Tuesday, October 14, 2008

Target #33: The Stranger on the Third Floor (1940, Boris Ingster)


Directed by: Boris Ingster
Written by: Frank Partos (story & screenplay), Nathanael West (uncredited)

Watching The Stranger on the Third Floor (1940), I was conscious of being present at a birth: the birth of film noir, at least in its most readily recognisable form. As if to announce impending delivery, the film's title is superimposed over the classically noirish image of a man's figure – silhouetted behind a pair of blinds – smoking contemplatively at an apartment window. Boris Ingster's visual sensibility, with cinematographer Nicholas Musuraca, is very strong, despite a relatively slight budget; the film's centrepiece dream sequence is a grippingly-surrealistic succession of nightmarish pessimism, as the story's minor hero is swept along towards execution by the cruel, indifferent hand of fate. Even so, it is still a rather shaky start for a movement that would, for the following two decades, shape and define American cinema. I don't expect that The Stranger on the Third Floor, a low-budget nonentity, had all that much influence on its successors – I suppose that The Maltese Falcon (1941) and High Sierra (1941) were responsible for most of that.

Ingster obviously filmed his picture on a very modest budget; Peter Lorre only appeared because he owed two extant days on his RKO contract, and the extra short running-time suggests a production filmed on the cheap. Perhaps fortunately, the filmmakers recognised that 64 minutes was inadequate time to attempt anything elaborate, and so the film dedicates itself towards one basic idea: the fallibility of circumstantial evidence. This notion is drilled so emphatically that its message comes across almost as a public service announcement. In many film noir pictures, there is more than meets the eye – in this one, what you see is exactly what you get. I had been hoping that the annoying neighbour's murder would ultimately be revealed as an act of violence committed subconsciously by Mike Ward (John McGuire) in his sleep, but, alas, Ingster would probably have considered even the suggestion an insult to his film's noble message.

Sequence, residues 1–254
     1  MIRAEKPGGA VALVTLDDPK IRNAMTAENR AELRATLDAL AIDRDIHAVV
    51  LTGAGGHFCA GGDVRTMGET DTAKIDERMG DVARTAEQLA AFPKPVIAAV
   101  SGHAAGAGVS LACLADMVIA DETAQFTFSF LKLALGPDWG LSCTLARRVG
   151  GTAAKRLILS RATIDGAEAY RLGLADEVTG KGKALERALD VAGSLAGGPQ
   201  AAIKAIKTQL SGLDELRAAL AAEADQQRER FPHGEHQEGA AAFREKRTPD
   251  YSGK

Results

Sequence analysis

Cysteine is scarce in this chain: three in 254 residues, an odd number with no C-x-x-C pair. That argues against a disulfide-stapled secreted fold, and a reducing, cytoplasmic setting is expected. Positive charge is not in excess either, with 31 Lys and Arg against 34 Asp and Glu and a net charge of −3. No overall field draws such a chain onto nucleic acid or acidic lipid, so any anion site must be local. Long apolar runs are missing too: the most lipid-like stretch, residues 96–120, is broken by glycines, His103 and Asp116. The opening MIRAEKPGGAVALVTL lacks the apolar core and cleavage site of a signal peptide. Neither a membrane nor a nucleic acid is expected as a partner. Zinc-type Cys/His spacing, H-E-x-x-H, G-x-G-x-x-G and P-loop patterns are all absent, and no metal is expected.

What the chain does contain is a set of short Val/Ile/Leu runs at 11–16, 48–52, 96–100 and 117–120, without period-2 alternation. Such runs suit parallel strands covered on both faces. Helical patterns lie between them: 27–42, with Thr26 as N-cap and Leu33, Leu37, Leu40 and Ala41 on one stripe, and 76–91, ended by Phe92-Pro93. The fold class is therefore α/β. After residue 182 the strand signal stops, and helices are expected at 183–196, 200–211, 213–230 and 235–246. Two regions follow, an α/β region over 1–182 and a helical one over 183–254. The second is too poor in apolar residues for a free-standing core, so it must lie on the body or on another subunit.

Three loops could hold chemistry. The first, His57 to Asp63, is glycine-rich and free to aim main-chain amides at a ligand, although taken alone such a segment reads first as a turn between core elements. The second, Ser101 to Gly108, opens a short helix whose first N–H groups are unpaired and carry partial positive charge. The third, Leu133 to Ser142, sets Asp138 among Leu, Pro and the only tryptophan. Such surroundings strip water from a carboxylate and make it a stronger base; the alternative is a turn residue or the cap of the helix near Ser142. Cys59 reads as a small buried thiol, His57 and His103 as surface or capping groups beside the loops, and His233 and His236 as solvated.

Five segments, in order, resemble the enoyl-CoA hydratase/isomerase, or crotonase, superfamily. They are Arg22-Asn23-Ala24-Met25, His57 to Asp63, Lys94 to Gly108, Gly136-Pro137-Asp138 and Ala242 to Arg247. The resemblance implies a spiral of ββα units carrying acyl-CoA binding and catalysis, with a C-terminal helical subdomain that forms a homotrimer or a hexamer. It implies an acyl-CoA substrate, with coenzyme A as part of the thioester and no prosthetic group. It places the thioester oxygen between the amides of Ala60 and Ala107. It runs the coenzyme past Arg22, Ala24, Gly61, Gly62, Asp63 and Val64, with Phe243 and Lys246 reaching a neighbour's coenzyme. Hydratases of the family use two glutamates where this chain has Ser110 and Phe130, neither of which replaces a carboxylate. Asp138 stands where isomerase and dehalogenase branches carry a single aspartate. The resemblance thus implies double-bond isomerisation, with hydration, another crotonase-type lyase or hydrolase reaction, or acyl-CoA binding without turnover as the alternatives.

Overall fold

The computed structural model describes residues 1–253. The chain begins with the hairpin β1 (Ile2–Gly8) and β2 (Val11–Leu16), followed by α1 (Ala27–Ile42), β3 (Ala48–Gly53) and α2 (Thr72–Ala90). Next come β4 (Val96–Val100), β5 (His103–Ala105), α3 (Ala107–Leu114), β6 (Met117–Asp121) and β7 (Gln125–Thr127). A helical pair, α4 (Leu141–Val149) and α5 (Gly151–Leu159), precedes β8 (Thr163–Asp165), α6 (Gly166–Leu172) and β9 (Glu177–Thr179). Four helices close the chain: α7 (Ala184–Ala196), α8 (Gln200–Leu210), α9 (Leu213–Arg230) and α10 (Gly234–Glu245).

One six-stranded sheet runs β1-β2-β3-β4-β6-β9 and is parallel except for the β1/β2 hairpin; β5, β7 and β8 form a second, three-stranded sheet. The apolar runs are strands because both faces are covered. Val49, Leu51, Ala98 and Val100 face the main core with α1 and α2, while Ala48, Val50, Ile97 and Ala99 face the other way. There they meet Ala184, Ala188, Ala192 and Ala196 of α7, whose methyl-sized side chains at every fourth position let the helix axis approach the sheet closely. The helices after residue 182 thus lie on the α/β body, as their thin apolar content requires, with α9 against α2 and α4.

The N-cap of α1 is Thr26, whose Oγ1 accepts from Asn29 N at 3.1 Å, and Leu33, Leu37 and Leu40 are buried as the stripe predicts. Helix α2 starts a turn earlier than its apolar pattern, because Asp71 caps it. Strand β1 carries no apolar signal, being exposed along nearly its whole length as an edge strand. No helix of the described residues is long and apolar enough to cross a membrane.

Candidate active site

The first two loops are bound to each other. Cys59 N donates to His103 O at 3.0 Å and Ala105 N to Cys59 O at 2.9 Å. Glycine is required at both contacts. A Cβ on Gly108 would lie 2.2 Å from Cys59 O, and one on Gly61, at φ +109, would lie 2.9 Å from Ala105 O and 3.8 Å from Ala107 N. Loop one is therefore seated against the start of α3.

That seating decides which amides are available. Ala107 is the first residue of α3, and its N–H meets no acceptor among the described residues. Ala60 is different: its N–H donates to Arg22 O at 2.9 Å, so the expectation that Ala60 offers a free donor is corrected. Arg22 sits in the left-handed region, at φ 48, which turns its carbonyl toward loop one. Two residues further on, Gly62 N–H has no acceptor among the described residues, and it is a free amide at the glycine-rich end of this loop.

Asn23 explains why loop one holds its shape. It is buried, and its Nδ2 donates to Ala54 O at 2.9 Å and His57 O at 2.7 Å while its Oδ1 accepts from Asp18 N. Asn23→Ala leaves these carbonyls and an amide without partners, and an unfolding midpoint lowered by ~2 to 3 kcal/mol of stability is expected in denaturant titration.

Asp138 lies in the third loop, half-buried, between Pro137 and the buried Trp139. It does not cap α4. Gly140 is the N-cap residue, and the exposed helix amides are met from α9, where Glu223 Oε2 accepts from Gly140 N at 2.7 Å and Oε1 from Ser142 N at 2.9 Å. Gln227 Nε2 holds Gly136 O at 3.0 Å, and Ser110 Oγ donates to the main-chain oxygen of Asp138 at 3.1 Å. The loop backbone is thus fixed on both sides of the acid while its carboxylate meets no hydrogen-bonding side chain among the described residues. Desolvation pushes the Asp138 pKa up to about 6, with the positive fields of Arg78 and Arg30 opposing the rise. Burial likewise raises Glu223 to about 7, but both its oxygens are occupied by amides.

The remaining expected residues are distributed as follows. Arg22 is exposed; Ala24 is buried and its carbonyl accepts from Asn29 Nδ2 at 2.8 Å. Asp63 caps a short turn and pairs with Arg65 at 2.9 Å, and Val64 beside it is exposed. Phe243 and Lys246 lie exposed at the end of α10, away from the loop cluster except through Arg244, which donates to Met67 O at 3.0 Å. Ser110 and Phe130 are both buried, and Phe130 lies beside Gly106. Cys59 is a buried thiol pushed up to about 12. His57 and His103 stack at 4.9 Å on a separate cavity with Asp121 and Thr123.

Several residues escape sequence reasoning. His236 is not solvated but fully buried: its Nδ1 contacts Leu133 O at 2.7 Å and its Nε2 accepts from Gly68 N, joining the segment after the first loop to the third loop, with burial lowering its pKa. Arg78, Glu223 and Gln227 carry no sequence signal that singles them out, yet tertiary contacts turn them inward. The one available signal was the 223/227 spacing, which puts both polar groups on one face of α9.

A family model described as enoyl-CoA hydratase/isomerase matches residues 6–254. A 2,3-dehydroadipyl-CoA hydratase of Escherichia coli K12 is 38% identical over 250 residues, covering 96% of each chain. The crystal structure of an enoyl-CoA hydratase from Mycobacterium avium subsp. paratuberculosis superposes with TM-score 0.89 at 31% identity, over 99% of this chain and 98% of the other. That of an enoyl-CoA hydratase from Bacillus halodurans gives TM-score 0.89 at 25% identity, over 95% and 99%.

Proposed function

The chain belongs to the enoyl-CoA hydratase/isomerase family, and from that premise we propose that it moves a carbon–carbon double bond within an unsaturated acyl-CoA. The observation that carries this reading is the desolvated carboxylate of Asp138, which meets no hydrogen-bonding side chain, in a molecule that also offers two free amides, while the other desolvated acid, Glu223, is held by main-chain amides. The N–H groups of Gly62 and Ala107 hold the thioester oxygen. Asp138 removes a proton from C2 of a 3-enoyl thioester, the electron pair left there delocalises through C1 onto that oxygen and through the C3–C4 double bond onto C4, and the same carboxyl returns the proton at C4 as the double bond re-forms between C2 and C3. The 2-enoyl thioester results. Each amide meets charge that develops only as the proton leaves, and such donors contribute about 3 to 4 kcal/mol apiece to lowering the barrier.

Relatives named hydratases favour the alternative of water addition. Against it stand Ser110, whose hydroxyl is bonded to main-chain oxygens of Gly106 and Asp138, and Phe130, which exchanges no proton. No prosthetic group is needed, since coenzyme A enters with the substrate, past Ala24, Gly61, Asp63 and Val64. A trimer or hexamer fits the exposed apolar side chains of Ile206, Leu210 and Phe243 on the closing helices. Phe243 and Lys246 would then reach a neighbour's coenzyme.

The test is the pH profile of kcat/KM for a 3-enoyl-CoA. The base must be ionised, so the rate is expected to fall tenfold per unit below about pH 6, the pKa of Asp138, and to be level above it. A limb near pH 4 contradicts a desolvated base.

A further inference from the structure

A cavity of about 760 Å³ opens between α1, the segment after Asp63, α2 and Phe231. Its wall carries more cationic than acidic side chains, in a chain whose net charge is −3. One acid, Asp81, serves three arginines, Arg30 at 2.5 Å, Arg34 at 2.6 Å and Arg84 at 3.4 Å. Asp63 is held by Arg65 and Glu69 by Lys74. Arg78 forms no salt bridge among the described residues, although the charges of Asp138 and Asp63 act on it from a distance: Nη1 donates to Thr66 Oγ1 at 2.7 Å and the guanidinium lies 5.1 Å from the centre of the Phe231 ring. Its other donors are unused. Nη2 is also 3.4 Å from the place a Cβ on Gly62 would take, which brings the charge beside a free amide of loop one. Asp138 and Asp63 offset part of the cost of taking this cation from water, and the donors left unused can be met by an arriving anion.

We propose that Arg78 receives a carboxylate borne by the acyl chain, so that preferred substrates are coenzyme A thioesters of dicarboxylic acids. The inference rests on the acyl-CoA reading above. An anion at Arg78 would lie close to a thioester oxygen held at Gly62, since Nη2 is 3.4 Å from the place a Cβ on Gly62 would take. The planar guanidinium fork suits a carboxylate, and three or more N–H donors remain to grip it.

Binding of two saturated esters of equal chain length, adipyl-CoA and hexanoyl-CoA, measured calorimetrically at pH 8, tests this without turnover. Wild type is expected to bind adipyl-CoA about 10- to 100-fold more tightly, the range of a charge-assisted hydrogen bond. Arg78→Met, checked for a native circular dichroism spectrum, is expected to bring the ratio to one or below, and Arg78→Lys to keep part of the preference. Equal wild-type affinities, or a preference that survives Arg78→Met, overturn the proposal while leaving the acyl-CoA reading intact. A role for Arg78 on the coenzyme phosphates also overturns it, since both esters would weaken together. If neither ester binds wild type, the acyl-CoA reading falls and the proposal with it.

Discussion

The cast of The Stranger on the Third Floor is largely average at best, with only top-billed star Peter Lorre (in virtually a cameo role) managing to liven up the proceedings, as usual. The two main co-stars, John McGuire and Margaret Tallichet, do adequately in the film's more relaxed moments, but introduce a dramatic situation and suddenly they become wildly theatrical, exaggerating every emotion to the point of self-parody. Of course, Lorre does this, as well, but he's one of the few actors who've ever been able to pull it off. Channelling his tormented child-killer in Fritz Lang's M (1931), Lorre brings a similarly-tragic pathos to this role; not an entirely frightening character, but quite obviously insane, and liable to do anything. Elisha Cook, Jr. – the mistreated stooge that no noir should be without – attempts rather unsuccessfully to show some sincerity (though he reminded me of Mickey Rooney in a couple of scenes), but he's always been better when playing the faux tough-guy who inevitably catches a bullet in the back.
6/10

Currently my #10 film of 1940:
1) The Great Dictator (Charles Chaplin)
2) The Grapes Of Wrath (John Ford)
3) Rebecca (Alfred Hitchcock)
4) Fantasia (Various)
5) Pinocchio (Hamilton Luske, Ben Sharpsteen)
6) Foreign Correspondent (Alfred Hitchcock)
7) The Shop Around the Corner (Ernst Lubitsch)
8) His Girl Friday (Howard Hawks)
9) The Philadelphia Story (George Cukor)
10) The Stranger on the Third Floor (Boris Ingster) *

1 comment:

Who Is Afraid of Tim Burton? Two?... said...

Hi! Andrew,

"Watching The Stranger on the Third Floor (1940), I was conscious of being present at a birth: the birth of film noir, at least in its most readily recognisable form.

As if to announce impending delivery, the film's title is superimposed over the classically noirish image of a man's figure – silhouetted behind a pair of blinds – smoking contemplatively at an apartment window.


I have to agree with both of your sentences about the film Strangers on the Third Floor
completely.
Thanks, for sharing!
DeeDee ;-D